bulbil

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bulbil

[′bəl·bəl]
(botany)
A secondary bulb usually produced on the aerial part of a plant.
McGraw-Hill Dictionary of Scientific & Technical Terms, 6E, Copyright © 2003 by The McGraw-Hill Companies, Inc.
References in periodicals archive ?
Based on these results, only 3rd instars were used in a 2nd experiment in which larvae were placed on leaves, brown bulbils, and tan bulbils (6 replicates each) and reared to adult emergence.
The mycorrhizal inoculum (live or microwaved roots), the pathogen inoculum, and the bulbils (Genotype A, B or C) were carefully layered in the pots with each element located at specific depths (Fig.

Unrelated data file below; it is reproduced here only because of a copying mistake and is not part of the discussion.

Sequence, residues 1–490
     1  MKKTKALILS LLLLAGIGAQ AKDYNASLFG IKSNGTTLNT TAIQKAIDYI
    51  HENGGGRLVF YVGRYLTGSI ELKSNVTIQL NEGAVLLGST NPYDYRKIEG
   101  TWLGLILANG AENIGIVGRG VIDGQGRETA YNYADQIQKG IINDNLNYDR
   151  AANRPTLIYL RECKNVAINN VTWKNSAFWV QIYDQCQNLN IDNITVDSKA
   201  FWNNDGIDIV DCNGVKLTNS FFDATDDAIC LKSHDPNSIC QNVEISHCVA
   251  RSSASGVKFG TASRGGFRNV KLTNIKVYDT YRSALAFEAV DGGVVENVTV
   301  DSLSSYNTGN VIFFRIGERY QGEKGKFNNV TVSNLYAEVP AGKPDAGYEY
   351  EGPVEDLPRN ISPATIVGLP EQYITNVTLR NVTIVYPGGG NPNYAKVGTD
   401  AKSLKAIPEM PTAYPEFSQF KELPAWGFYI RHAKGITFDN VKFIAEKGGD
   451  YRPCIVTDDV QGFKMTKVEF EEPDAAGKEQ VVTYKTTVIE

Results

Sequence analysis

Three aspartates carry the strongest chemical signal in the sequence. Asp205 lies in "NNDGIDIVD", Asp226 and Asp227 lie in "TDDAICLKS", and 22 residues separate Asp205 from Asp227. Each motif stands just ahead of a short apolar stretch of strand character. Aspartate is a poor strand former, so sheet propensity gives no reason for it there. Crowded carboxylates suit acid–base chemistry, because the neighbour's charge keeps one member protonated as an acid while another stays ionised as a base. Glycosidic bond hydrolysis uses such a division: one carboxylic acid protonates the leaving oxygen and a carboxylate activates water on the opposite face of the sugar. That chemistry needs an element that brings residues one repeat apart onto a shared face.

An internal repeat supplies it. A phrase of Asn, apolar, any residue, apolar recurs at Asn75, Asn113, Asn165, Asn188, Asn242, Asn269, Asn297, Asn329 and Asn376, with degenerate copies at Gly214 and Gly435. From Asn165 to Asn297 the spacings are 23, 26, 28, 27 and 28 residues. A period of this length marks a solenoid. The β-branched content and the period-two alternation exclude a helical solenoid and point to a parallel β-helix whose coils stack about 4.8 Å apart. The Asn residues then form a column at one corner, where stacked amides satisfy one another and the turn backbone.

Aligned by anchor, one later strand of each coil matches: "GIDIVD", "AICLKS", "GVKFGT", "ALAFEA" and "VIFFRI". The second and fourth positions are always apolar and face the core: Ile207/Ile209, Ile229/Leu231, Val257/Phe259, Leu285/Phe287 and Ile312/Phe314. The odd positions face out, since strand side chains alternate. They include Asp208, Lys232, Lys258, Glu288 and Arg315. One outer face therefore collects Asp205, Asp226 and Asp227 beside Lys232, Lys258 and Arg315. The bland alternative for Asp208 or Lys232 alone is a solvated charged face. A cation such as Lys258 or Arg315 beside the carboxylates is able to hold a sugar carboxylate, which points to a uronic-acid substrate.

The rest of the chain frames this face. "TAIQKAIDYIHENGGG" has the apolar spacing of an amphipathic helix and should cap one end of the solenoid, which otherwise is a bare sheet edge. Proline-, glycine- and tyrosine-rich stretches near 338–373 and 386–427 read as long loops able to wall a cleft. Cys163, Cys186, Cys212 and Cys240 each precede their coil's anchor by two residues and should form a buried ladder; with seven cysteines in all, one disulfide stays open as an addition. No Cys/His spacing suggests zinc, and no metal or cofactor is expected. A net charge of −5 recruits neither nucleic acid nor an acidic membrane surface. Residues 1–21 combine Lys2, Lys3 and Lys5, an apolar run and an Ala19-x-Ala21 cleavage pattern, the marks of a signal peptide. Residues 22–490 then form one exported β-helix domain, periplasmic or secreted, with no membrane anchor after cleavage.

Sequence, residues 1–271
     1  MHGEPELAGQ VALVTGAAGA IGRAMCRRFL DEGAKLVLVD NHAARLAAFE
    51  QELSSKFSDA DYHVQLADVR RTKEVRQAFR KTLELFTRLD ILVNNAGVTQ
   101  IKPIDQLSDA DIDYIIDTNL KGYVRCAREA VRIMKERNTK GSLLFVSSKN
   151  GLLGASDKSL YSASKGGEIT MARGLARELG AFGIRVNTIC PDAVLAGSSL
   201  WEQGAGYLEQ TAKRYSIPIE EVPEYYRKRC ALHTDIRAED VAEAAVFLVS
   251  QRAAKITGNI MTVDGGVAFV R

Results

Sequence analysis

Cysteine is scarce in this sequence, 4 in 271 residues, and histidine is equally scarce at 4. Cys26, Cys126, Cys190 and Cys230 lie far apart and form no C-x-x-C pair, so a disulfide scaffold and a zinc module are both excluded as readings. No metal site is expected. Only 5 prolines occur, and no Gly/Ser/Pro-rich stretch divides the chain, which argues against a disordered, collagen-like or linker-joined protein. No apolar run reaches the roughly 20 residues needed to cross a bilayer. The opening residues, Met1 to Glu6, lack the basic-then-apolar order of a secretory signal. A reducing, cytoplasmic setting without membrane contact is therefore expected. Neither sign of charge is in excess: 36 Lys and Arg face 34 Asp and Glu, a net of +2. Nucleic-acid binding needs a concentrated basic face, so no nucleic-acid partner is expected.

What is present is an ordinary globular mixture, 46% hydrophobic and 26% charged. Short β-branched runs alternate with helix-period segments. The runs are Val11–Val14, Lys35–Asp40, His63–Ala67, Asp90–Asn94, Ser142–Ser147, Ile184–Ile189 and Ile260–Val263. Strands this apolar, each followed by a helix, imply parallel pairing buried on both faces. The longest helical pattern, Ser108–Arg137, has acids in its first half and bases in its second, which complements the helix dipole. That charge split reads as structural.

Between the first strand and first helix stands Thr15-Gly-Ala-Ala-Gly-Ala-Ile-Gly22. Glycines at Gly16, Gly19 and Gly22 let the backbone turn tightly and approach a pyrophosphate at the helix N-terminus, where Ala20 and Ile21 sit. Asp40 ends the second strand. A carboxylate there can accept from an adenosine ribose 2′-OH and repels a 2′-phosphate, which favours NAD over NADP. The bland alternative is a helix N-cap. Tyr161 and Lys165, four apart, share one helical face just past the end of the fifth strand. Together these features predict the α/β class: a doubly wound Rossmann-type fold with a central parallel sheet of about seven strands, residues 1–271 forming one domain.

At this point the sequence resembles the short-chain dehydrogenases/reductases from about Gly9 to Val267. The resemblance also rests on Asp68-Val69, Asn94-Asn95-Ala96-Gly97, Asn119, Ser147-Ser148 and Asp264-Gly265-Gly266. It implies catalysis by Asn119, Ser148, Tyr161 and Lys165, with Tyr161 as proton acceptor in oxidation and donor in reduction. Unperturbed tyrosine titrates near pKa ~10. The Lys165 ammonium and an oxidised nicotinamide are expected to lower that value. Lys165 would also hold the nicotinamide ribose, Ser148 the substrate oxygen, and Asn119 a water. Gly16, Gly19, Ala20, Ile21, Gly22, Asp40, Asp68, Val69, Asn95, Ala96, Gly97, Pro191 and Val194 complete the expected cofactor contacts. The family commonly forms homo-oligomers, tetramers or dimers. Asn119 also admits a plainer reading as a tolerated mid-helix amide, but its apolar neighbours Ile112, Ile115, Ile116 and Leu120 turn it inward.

Bulbils and stem bulblets are easy ways to propagate lilies, but only a few cultivated lilies form them.
Up until recently, the traditional and most widely practiced method of growing yams is through the use of tuber or bulbil [19].
produces gemmae or bulbils along the rachis, at the base of the pinnae.
Eventually the stalk dies, and the bulbils start a new clump nearby, hence the name.
Although raphides are present in Dioscorea spp., they are usually more abundant in the leaves and bulbils than the starchy vegetative organs (Ayensu 1972:65; Loy 1994:105).
Lilies can be propagated by seed, bulblets, bulbils, scales, and tissue culture.
In this study, we transplanted seeds, bulbils, and juvenile plants to examine patterns of dispersal limitation and patch occupancy in seven temperate-forest herbs.
Some of these ephemeroid grasses hardly ever produce any seeds and instead reproduce vegetatively or by viviparity, forming bulbils within the inflorescences or in the leaf axils.
Keep them dry, but be sure to collect the little rice grain bulbils which will have appeared, as these can also be potted up in spring to start new plants.